In 1961, Atlantic readers debated a question Americans are still asking today.
In 1994, Eric Schlosser made the case for decriminalizing marijuana and eliminating mandatory minimum sentencing. Readers had a wide array of responses.
In the August 1963 issue, The Atlantic published King’s famous letter under the title “The Negro Is Your Brother.” Readers’ responses were largely positive.
The author of a radical proposal in The Atlantic’s October 1998 issue revisits his argument—and the negative reactions to it.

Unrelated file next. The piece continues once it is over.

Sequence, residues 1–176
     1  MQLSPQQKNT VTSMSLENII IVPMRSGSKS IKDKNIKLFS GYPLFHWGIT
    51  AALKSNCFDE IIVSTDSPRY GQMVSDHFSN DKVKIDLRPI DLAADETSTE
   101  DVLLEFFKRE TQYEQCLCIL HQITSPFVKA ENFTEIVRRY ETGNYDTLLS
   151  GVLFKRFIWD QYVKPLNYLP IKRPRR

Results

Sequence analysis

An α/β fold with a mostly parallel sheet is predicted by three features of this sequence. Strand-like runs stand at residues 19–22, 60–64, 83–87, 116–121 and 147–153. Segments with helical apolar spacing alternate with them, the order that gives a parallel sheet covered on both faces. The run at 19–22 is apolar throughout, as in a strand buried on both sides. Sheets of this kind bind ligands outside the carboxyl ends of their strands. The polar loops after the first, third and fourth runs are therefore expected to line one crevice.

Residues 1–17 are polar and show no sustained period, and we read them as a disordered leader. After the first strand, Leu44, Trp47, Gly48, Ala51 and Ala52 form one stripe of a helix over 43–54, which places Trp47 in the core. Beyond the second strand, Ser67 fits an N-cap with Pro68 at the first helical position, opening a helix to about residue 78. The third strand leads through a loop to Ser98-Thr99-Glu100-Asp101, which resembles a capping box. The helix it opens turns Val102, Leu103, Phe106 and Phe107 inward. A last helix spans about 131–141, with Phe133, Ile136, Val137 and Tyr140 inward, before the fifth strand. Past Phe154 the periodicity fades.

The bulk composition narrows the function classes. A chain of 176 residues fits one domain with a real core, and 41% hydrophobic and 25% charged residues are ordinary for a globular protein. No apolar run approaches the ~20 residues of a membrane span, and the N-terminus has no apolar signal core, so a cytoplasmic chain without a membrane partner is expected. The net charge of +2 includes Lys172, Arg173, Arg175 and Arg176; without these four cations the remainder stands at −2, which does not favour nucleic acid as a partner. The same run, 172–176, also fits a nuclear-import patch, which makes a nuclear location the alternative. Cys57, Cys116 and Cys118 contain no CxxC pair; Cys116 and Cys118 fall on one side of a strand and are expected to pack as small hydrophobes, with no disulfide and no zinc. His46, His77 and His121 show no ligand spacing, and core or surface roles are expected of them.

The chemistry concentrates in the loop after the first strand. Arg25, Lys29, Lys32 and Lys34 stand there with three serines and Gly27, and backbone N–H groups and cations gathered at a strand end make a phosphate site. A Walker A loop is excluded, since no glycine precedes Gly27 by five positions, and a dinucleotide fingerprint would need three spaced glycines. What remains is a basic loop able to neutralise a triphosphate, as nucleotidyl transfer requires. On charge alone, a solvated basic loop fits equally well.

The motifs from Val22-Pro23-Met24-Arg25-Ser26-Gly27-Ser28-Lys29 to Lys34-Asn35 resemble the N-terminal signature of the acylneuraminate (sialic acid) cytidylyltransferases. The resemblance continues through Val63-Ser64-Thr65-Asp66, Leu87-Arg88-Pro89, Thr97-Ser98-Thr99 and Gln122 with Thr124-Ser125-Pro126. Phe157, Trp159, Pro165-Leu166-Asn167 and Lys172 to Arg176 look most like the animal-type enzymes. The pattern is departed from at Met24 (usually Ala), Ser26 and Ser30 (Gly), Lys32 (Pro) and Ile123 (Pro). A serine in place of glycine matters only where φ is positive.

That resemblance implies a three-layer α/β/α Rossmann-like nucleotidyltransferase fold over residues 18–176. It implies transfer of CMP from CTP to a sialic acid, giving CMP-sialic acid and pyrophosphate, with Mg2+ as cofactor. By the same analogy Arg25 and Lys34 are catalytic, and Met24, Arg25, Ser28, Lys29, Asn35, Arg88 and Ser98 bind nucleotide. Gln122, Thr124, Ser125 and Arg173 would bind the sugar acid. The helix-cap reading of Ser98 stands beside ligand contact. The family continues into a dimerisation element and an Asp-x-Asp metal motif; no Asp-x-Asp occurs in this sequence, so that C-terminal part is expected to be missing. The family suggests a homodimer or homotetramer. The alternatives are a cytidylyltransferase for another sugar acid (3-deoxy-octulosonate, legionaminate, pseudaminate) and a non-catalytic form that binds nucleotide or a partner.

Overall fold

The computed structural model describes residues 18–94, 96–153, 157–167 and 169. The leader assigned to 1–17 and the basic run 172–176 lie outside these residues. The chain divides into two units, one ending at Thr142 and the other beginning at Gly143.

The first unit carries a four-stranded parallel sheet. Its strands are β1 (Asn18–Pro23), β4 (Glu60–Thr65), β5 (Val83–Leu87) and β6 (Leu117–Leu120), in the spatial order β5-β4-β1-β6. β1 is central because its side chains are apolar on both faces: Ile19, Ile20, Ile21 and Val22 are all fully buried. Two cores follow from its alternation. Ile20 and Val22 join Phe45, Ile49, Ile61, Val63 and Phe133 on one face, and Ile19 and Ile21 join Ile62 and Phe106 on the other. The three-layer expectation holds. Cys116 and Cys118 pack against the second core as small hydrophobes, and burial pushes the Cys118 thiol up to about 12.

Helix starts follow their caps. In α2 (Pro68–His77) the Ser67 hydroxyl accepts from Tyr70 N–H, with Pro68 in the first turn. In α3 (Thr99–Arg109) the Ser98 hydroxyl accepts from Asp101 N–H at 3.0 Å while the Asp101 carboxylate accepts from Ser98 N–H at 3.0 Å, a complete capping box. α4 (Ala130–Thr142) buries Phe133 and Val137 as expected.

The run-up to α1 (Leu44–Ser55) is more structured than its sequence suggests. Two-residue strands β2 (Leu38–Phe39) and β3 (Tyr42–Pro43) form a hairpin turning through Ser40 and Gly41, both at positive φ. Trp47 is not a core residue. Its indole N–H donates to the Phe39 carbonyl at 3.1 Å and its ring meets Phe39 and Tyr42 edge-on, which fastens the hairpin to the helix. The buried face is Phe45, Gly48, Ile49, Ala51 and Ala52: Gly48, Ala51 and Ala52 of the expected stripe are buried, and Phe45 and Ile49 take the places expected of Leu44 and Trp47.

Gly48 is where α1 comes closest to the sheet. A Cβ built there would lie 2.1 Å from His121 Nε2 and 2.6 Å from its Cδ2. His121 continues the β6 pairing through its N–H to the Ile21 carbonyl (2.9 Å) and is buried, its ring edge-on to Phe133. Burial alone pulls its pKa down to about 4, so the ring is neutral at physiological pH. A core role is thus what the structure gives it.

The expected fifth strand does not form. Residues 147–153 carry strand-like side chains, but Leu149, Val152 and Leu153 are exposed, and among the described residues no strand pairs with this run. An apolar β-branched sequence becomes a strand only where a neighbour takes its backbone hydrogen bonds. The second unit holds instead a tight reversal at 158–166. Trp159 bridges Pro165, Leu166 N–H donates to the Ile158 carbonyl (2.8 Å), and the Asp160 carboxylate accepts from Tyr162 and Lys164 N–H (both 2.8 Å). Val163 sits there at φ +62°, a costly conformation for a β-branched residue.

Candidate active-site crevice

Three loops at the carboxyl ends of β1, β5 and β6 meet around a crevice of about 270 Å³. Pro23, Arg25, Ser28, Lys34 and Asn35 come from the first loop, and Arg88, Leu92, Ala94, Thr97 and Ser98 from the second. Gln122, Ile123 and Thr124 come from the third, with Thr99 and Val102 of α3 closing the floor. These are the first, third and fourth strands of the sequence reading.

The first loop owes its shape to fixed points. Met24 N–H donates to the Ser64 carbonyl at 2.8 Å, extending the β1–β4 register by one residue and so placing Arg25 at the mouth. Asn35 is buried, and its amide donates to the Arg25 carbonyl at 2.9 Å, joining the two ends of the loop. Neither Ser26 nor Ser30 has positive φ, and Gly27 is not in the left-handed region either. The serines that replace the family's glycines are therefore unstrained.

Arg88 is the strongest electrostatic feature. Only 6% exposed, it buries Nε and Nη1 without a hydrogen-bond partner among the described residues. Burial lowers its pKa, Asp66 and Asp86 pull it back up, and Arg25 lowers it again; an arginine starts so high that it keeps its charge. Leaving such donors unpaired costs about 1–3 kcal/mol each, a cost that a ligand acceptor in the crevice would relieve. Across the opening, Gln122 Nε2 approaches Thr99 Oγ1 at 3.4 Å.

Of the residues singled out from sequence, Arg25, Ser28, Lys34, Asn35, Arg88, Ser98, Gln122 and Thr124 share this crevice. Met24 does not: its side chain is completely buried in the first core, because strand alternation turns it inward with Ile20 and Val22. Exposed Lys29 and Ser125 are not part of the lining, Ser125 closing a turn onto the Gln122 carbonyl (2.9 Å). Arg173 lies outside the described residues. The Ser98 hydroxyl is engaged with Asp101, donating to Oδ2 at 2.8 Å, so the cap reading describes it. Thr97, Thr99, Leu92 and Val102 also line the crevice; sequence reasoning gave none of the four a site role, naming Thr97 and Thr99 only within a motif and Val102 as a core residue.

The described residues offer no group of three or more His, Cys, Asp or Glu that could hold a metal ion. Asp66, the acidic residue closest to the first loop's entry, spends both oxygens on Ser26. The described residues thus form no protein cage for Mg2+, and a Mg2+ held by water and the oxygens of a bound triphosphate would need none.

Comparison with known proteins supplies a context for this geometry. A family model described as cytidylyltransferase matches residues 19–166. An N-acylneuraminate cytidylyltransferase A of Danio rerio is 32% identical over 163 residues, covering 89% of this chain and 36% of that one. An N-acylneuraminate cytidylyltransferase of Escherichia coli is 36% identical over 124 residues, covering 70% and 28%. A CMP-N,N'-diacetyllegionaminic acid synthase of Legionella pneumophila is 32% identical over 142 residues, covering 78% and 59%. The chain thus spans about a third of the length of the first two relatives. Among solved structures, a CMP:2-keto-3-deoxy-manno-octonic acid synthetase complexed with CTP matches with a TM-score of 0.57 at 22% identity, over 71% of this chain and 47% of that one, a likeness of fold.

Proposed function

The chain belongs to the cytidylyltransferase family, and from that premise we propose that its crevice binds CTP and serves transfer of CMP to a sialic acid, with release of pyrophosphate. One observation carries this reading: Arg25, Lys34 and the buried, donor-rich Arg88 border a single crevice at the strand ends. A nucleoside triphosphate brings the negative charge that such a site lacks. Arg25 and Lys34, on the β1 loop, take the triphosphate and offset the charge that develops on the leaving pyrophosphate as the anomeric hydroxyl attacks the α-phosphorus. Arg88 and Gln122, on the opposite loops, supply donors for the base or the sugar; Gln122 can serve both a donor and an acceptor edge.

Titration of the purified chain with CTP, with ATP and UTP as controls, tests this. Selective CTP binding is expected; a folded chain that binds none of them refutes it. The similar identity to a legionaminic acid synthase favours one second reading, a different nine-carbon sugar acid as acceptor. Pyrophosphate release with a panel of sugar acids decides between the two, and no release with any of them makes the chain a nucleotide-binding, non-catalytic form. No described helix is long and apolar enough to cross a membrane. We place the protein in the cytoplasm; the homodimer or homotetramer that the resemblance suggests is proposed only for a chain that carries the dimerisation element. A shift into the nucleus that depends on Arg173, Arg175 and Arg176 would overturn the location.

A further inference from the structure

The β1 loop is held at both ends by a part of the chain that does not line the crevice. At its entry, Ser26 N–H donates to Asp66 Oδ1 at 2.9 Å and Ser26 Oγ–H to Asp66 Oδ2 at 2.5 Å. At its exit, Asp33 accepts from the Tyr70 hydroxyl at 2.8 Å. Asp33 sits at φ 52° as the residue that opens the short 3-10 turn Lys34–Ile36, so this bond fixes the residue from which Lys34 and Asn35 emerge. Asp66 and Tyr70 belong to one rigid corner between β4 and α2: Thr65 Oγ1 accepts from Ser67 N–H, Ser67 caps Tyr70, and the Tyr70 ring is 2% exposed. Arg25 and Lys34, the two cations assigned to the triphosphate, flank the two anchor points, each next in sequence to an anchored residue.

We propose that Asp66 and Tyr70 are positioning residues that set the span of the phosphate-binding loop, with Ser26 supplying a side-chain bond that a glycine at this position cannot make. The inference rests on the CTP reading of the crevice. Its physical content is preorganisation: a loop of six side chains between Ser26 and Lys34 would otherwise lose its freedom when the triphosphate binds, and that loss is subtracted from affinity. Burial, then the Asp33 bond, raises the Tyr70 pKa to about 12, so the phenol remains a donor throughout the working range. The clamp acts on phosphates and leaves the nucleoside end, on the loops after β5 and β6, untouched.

A window into a long-running national conversation, as experienced—and argued—by our readers
As the investigation wore on, The Atlantic’s coverage garnered telling responses.
In 1955, readers weighed in on changes made to the Girl Scout Handbook and the international objectives of the organization.
In the fall of 1967, readers responded to an article about the hippies of Haight-Ashbury.
In 1947, the then-president wrote to the editors regarding his decision to use atomic warfare during World War II.
Since 1877, the publication has garnered and published letters in various forms. We’ve traced the timeline.